(Mar. 2, 2010) Taiwan's President promulgated the Statute on Human Biological Database Management on February 3, 2010. (Statute for Human Body Biological Database Management, THE GAZETTE OF THE OFFICE OF THE PRESIDENT 34-44 (Feb. 3, 2010), http://content.glin.gov/summary/227862.) A major aim of the new law is to protect Taiwan citizens who provide biomedical samples, particularly in the wake of a “storm of protest” that arose in 2007 in response to a local hospital's use, without their consent, of saliva samples collected from an aboriginal community for research purposes. (Draft Bill for Human Biological Databases Approved, TAIWAN TODAY, July 17, 2009 [from the LIBERTY TIMES], available at http://taiwantoday.tw/ct.asp?xitem=55050&ctnode=445&mp=9.) Some highlights of the Statute are:
- Database operators are limited to government agencies, medical or academic institutions, research institutions, and legal persons, and they must be licensed by the authority in charge. That authority will also determine applicant qualifications, application procedures, conditions for licensing, and other matters (art. 4). Those who establish a database without a license are subject to fines of between NT$2 million and 10 million (about US$62,325 to $311,624) and will have their collected samples and data destroyed (art. 23).
- Database operators should establish an ethics committee of 9 to 15 persons, for examination and supervision of matters such as management of the database. At least half of the committee members must be legal experts, social workers, and other disinterested members of society; at least two-thirds should not be personnel of the organization itself (art. 5).
- Database operators must “inform participants of their rights and benefits, how the data may be collected, possible complications during data gathering and the possible impact the genetic information would have on participants and their communities” (art. 7). (Flora Wang, Political Donation Amendment Passes, TAIWAN TODAY, Jan. 8, 2010, at 4, available at http://www.taipeitimes.com/News/taiwan/archives/2010/01/08/2003462931.)
- Participants must be told relevant information in an understandable manner (e.g., the legal basis for establishment of the database and its content; the database operators; the reason why the participant was selected), this information is also set forth in a letter of consent, and data may be collected only after the participant's written consent has been obtained. Participants must be at least 20 years of age and must also have the capacity to act, with certain exceptions (arts. 6 & 7).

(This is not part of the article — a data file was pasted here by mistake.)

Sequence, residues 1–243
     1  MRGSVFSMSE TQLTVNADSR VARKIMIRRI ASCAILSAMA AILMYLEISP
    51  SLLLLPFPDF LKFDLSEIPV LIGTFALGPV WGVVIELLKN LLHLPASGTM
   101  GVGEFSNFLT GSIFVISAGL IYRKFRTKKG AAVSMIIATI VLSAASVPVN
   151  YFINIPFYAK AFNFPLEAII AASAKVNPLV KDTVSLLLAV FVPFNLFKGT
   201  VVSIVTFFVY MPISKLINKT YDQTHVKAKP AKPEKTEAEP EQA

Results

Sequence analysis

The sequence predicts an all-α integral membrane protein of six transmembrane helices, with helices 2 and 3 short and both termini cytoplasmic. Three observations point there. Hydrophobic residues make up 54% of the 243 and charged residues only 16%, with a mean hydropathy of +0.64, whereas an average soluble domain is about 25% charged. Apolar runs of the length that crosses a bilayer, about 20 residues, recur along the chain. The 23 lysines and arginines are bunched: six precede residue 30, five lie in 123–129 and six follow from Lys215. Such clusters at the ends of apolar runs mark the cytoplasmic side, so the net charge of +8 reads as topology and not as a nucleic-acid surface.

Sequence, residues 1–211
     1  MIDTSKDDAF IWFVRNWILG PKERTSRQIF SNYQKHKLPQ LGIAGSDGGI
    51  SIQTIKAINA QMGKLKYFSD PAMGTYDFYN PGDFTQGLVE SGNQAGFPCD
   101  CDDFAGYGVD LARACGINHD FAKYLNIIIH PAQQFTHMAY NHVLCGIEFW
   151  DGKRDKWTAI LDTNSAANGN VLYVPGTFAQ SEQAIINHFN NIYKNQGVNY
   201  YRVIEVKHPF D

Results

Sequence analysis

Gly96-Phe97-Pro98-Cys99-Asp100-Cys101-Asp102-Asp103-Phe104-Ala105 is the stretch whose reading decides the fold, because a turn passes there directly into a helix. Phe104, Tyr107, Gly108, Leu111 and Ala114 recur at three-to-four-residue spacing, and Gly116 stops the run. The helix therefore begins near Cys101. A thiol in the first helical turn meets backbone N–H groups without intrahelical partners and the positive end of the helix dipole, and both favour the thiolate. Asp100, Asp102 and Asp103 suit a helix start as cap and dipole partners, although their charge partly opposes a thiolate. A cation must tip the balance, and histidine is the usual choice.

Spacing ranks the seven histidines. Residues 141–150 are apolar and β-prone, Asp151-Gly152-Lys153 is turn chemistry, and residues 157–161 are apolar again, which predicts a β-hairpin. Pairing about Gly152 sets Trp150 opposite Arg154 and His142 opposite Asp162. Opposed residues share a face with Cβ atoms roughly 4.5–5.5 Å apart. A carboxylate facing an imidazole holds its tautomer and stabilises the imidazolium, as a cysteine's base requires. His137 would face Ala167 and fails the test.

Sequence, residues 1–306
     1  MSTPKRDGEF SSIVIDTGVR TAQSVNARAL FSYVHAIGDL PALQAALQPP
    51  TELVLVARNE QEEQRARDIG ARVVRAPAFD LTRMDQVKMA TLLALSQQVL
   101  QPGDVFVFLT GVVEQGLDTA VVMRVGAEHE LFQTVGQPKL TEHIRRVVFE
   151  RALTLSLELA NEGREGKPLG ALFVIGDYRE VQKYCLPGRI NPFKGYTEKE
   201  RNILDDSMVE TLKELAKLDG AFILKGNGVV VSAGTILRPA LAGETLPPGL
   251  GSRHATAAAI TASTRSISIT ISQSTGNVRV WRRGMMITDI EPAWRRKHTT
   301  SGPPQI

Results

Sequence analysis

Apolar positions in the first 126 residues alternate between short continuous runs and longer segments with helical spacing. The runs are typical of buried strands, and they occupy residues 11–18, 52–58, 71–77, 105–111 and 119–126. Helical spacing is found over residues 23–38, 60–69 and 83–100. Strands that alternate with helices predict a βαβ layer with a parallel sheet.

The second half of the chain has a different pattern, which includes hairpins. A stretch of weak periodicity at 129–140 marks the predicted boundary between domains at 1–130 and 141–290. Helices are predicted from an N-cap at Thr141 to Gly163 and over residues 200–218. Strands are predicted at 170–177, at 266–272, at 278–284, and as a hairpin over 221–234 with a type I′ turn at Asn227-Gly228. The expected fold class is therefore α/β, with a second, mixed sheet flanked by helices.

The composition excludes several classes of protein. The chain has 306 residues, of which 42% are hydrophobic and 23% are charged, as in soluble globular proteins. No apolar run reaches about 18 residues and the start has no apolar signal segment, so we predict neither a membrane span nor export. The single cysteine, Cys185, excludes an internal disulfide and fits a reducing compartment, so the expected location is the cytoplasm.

- For children aged seven or younger, data may only be collected with the consent of a parent or guardian; for those between seven and 20, the consent must be obtained from both the child and the guardian (art. 6).
- The genetic information providers can ask to stop providing biological samples, withdraw from participation, or change the scope of application of their consent, and the operators cannot refuse (art. 8).
- Operators must keep confidential all pieces of genetic information on the participants (art. 18).
- Biological samples in the database, with the exception of derivatives, may not be sent to other countries (art. 15).
- Database samples, derivatives, and related material and information can only be used for biomedical research, with the exception of medical research approved by the Ethics Committee and the outside select group of legal experts and others (art. 20). (Statute for Human Body Biological Database Management & Wang, supra.)
When legislators approved the law in early January 2010, they reportedly “also resolved to ban the judiciary from forcing operators to provide biological information for judicial purposes.” (Wang, supra, at 4; see also Making a Deposit in Taiwan Biobank: How Safe Are Your Secrets, TAIWAN PANORAMA, Jan. 2008, at 26, available at http://www.sino.gov.tw/en/show_issue.php?id=2008019701026E.TXT&cur_p